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New transfer pricing documentation obligations for transactions with tax havens


The beginning of the year has brought a number of changes in tax law, including in the field of transfer pricing. The Act of  November 28, 2020 amending the Personal Income Tax Act, the Corporate Income Tax Act, and the act on flat-rate income tax on certain income of natural persons and certain other acts, introduced new documentation obligations regarding transactions with the so-called tax havens. The amendments in question entered into force on January 1, 2021.

According to previous regulations in force until 2020, local tax documentations was prepared by the taxpayers making payments to an entity having its registered office, domicile or administration within a territory or in a country applying harmful tax competition. Thus, until now the obligation only concerned purchase transactions. As a result of the changes, the obligation to prepare a Local File will also extend to transactions as a result of which a taxpayer or a company not being a legal person, receives a payment from an entity from a tax haven The documentation threshold has remained at the level of PLN 100 000 regardless of the transaction type and is to be determined for transaction of uniform nature.

Furthermore, the amendment also extends the obligation to prepare local documentation to transactions where the beneficial owner, within the meaning of the CIT Act, has its domicile, seat or administration in a so-called tax haven. This regulation applies if the amount of transactions in a tax (financial) year exceeds the threshold of PLN 500 000, regardless of whether there are any ties between the parties to the transaction.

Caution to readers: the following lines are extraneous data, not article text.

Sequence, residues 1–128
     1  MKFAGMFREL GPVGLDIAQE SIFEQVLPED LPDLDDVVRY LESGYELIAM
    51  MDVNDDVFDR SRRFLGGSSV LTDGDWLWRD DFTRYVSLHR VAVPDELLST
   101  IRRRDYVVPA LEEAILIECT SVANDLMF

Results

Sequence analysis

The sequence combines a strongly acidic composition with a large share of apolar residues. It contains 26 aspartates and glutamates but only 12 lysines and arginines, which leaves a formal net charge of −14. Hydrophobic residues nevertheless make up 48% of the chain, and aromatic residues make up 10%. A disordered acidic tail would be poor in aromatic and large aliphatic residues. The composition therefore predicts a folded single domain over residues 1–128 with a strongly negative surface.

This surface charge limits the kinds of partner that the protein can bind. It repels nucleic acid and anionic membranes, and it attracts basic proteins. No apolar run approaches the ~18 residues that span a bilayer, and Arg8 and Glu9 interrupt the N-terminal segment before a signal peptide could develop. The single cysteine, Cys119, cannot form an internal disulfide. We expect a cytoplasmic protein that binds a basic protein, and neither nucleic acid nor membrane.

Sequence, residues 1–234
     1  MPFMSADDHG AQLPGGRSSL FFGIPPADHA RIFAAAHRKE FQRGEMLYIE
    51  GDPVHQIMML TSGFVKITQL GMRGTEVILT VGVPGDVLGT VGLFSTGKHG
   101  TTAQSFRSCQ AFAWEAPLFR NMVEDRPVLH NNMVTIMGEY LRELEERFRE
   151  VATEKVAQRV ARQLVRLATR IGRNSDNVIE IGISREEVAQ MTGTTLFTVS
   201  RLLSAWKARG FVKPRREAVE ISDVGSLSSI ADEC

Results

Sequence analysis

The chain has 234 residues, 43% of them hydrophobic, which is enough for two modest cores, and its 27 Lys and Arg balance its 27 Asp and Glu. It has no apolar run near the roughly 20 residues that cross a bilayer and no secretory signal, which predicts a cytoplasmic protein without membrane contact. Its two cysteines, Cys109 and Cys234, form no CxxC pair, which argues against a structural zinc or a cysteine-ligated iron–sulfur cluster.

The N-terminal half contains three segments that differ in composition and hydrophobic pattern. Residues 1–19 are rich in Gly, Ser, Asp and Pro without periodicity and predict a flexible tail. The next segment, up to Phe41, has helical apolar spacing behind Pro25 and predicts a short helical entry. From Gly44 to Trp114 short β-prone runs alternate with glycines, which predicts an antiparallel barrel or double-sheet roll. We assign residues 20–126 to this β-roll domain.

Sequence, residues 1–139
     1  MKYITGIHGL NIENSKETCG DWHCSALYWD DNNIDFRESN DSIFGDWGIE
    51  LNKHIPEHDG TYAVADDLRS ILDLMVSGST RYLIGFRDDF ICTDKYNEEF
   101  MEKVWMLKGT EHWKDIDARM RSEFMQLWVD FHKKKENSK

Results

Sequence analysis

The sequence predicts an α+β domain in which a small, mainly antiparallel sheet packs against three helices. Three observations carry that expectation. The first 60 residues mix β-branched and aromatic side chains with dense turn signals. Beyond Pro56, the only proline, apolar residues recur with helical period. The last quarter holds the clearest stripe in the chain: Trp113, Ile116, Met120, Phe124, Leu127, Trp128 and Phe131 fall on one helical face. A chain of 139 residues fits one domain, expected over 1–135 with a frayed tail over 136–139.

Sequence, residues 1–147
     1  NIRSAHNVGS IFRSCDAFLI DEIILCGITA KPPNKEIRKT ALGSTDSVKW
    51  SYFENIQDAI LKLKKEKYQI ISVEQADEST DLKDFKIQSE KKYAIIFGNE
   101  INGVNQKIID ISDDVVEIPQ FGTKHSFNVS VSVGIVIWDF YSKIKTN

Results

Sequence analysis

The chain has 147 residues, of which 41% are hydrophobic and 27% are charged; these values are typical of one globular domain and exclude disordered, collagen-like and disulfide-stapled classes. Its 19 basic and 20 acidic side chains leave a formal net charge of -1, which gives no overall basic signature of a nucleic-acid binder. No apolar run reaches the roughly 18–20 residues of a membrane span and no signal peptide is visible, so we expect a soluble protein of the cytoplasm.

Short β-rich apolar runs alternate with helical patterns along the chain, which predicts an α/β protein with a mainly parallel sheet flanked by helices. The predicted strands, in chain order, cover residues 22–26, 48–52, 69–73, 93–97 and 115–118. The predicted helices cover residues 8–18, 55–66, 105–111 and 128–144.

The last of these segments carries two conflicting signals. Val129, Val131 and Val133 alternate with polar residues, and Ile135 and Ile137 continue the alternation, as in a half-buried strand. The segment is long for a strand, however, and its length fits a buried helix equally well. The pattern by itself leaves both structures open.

At the same time, a presumption has been introduced that the beneficial owner is an entity from a  tax haven if a contractor of the taxpayer on whom an obligation to prepare documentation rests makes settlements in a tax year with an entity having its domicile or administration in a tax haven. Importantly, due diligence is required in determining these circumstances.

In practice, determining a contractor’s beneficial owner and its seat will constitute quite a challenge for taxpayers. Acquiring such information may often prove impossible, particularly in the case of unrelated entities. The very notion of due diligence and the question of its observance also raises considerable doubts.

Another significant amendment is also the implementation of an additional element of the transfer pricing documentation with respect to the above-mentioned transactions, i.e. economic justification. Its purpose is for the taxpayer to explain the economic reasons for entering into a transaction with a given entity. An important part of the justification is a benefit test, which is a description of anticipated economic advantages, including tax benefits.


Anna Skórska, Tax Consultant, ATA Tax Sp. z o.o.

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